In any case, I was reading this article on Android Central.
Sprint has announced Spark is up and running in 24 cities, including a fresh six:
Fort Lauderdale, Fla.
Fort Worth, Texas
Kansas City, Kan./Mo.
Salt Lake City
West Palm Beach, Fla.
Spark is their 3 band/frequency LTE. I looked at the choices and wondered why some were chosen. The Texas and Florida locations make sense, as to thumb their nose at the New AT&T/SBC/BellSouth. My iPhone 5c is only a 2 band device, so I'll never know the joy of incredible speed. Oh, no. Equally, my Verizon mobile hotspot is a 2 band device, but then, they only have two frequencies, unlike poor, beleaguered Sprint, which is finally reaping a little benefit for all those catastrophic losses taking on Nextel.
I found the full list of active LTE markets here.
I was amused to find the town where I live to be on the active list. I'm not sure the Sprint store sees an active LTE signal, and it's close to the main road. I lose the signal when I've driven about 500 feet from the main road, though in the harder hit areas of town, LTE works more reliably. It would be difficult to explain to a customer why they can't get a signal next to their store, though. This particular tower services the shopping centers and is overloaded much of the time. However, with their upgrades, there should not be a problem, and Verizon's LTE reaches my house just fine for my mobile hotspot. (I couldn't connect with my Sprint hotspot and switched the hotspot to Verizon while keeping my phone with Sprint, so I'd have at least one working all the time.)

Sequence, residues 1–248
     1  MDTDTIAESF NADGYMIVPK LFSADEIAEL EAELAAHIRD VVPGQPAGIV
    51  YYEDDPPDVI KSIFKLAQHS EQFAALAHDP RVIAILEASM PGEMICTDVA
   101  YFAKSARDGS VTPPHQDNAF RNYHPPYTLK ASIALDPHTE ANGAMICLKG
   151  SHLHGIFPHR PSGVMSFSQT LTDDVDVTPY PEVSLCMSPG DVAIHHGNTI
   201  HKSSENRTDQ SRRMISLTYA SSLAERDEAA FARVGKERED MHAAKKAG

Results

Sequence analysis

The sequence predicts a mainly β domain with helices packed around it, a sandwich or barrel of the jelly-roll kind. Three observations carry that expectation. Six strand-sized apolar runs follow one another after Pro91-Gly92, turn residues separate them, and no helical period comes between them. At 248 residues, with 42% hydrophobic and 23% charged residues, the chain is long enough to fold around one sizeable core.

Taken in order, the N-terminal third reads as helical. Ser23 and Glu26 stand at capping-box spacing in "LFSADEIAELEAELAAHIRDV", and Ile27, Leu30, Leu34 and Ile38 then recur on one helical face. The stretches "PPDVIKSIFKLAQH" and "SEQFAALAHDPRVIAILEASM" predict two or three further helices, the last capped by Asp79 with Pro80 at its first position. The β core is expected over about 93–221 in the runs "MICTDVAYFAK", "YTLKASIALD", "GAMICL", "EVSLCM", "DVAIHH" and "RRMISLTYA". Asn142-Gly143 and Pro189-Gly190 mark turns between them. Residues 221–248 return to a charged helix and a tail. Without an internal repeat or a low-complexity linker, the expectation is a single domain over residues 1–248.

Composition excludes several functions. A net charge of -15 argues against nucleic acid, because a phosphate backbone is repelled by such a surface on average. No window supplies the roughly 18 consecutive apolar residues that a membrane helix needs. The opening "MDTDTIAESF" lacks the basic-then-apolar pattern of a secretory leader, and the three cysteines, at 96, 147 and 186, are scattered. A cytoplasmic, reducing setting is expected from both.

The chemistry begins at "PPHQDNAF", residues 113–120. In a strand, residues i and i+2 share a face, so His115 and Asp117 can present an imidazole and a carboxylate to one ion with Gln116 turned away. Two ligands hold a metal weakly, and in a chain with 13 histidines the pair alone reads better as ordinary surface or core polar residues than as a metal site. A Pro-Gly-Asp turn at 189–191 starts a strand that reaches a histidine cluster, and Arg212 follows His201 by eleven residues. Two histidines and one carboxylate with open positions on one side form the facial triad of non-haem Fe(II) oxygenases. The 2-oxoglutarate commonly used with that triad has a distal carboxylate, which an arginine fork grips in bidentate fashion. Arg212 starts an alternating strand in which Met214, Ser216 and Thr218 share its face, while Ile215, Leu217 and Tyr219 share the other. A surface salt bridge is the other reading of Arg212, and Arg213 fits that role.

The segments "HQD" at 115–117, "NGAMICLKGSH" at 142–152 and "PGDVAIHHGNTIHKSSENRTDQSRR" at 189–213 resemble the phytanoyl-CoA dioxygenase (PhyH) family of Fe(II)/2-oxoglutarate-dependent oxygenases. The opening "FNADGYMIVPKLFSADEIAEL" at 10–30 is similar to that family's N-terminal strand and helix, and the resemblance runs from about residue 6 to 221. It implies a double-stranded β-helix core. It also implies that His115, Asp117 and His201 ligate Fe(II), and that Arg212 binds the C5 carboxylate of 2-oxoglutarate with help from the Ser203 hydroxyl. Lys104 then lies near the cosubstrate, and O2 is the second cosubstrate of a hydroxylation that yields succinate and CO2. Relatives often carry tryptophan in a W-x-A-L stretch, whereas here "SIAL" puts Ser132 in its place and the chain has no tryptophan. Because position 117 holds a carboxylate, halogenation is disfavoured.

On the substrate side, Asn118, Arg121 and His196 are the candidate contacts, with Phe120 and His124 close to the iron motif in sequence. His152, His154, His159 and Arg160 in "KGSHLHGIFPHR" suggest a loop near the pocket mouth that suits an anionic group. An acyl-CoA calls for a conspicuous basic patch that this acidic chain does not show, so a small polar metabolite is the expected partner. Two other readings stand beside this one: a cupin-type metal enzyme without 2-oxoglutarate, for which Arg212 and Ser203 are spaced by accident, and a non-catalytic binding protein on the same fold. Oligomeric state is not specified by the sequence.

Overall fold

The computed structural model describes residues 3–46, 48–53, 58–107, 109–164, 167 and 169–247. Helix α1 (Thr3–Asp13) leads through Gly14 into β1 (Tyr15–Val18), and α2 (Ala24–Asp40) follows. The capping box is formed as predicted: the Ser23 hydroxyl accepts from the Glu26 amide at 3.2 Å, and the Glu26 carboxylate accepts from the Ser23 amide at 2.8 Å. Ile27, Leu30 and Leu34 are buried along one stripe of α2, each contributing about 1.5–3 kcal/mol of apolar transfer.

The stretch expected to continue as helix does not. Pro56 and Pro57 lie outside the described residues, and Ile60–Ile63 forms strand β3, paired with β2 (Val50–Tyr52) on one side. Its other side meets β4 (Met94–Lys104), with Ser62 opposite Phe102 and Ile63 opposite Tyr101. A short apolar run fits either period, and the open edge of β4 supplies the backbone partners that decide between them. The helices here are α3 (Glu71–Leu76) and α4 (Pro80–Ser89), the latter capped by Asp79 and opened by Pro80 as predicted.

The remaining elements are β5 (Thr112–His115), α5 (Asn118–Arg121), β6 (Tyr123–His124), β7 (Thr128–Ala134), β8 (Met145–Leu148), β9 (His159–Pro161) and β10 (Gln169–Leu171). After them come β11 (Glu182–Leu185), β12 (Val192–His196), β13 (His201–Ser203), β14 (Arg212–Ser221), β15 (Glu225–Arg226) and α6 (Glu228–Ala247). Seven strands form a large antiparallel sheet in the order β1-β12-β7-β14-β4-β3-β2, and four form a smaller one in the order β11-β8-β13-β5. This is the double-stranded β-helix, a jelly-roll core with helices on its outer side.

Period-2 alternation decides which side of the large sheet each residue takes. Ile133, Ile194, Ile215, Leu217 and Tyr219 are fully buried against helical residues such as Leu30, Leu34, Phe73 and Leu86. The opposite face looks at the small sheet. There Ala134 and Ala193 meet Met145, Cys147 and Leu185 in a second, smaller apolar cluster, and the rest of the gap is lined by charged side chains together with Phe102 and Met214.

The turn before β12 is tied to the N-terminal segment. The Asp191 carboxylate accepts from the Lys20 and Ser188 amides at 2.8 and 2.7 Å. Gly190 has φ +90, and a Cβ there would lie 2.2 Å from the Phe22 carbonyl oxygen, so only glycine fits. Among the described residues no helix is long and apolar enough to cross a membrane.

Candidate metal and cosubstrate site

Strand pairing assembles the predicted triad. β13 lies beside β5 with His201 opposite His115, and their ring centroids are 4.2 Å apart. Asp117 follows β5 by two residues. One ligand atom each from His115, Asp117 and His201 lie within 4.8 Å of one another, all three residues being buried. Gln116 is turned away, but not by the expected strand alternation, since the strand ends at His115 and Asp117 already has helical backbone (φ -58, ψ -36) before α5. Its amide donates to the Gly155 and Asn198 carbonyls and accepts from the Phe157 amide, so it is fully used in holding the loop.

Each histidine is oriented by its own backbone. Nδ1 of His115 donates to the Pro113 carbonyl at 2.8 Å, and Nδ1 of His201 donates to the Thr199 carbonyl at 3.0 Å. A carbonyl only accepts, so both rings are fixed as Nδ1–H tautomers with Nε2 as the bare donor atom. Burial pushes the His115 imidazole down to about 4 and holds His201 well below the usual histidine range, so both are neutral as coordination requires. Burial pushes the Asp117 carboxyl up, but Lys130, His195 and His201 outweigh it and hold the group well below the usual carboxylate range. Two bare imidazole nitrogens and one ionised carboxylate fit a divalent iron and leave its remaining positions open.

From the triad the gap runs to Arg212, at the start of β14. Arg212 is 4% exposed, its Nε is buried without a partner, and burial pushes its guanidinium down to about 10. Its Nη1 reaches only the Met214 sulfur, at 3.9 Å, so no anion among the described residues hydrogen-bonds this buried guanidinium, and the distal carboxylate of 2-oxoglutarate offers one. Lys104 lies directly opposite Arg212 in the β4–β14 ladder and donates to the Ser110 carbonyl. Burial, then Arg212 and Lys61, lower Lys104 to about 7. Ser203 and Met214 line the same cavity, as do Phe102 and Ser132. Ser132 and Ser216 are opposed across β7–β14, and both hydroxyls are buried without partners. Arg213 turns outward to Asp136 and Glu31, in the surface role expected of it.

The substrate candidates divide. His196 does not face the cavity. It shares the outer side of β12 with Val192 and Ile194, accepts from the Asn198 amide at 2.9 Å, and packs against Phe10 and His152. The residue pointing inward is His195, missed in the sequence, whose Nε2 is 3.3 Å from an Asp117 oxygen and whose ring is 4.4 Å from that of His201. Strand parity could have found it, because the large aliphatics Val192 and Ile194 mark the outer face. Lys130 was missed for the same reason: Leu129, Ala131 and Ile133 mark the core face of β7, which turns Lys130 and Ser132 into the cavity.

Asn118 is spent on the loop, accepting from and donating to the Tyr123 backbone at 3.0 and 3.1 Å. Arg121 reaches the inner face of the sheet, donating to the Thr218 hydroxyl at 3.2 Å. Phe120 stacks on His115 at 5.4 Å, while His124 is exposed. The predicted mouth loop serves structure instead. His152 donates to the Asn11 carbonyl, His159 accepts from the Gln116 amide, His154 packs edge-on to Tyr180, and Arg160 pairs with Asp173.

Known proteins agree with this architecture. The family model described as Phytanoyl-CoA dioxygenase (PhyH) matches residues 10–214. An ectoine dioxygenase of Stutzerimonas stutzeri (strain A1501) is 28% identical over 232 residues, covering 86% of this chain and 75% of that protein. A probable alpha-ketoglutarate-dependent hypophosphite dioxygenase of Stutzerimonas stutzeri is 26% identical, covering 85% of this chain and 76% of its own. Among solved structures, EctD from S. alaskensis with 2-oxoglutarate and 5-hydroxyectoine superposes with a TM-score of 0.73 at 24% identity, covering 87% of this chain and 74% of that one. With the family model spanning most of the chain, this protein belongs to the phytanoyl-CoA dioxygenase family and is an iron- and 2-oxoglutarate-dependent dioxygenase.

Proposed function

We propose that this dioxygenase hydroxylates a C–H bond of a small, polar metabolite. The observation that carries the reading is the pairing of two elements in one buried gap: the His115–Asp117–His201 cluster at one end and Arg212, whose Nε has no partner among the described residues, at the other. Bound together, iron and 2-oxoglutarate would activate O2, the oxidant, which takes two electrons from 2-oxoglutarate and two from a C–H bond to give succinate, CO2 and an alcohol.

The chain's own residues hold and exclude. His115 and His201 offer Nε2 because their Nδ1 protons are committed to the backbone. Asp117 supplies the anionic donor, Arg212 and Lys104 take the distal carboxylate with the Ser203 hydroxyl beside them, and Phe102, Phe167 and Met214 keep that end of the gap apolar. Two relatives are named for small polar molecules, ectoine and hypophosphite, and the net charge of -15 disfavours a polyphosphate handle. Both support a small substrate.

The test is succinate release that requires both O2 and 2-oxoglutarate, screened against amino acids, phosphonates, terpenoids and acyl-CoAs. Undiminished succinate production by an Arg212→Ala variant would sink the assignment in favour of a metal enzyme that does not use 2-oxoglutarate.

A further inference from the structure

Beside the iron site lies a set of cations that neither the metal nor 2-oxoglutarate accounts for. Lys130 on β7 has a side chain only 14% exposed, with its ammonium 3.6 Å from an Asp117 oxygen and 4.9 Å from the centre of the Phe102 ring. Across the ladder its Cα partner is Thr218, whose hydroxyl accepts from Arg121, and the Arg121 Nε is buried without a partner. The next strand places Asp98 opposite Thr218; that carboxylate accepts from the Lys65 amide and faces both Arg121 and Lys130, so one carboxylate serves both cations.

I'm sure, about the time I'm moving in June, they'll have LTE working just fine somewhere around here. Then, I'll go through the frustration in the next area. I noticed that Modesto, CA is active and they seem to be working their way north along state road 99, so hopefully, more from that area will be active this summer.
Update 2014.05.01: A while ago, I was seeing 1xRTT service, which tells me that they're trying to finish the final tower here, but they're likely running into problems keeping service going while converting it. You'd think that it wouldn't be so primitive--and that they'd be working in the middle of the night when most people are asleep or at work.
Update 2014.05.02: I got a message a bit ago that the enhanced network is working. I guess it is enhanced in that it's not so slow, but LTE is not available in most places. Getting the data is the most important thing, unless it's so slow that it can't be measured in whole numbers.
Later in the day, I was traveling down Ohio SR 503 from SR 122 to SR 73, noticing that the cows were well-equipped with LTE, better than those living in anything big enough to be considered a city in Ohio. Are the technicians just not able to focus their efforts on the heavily-used towers first?